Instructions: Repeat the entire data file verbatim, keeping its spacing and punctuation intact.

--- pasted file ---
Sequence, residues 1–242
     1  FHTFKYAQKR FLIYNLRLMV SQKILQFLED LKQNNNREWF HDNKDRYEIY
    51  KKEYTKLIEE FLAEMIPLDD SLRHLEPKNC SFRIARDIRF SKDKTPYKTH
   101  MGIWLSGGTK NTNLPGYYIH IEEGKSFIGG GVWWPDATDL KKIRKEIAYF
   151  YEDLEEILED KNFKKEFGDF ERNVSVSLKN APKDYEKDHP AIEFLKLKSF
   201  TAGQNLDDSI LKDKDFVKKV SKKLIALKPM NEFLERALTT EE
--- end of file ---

Sequence, residues 1–242
     1  FHTFKYAQKR FLIYNLRLMV SQKILQFLED LKQNNNREWF HDNKDRYEIY
    51  KKEYTKLIEE FLAEMIPLDD SLRHLEPKNC SFRIARDIRF SKDKTPYKTH
   101  MGIWLSGGTK NTNLPGYYIH IEEGKSFIGG GVWWPDATDL KKIRKEIAYF
   151  YEDLEEILED KNFKKEFGDF ERNVSVSLKN APKDYEKDHP AIEFLKLKSF
   201  TAGQNLDDSI LKDKDFVKKV SKKLIALKPM NEFLERALTT EE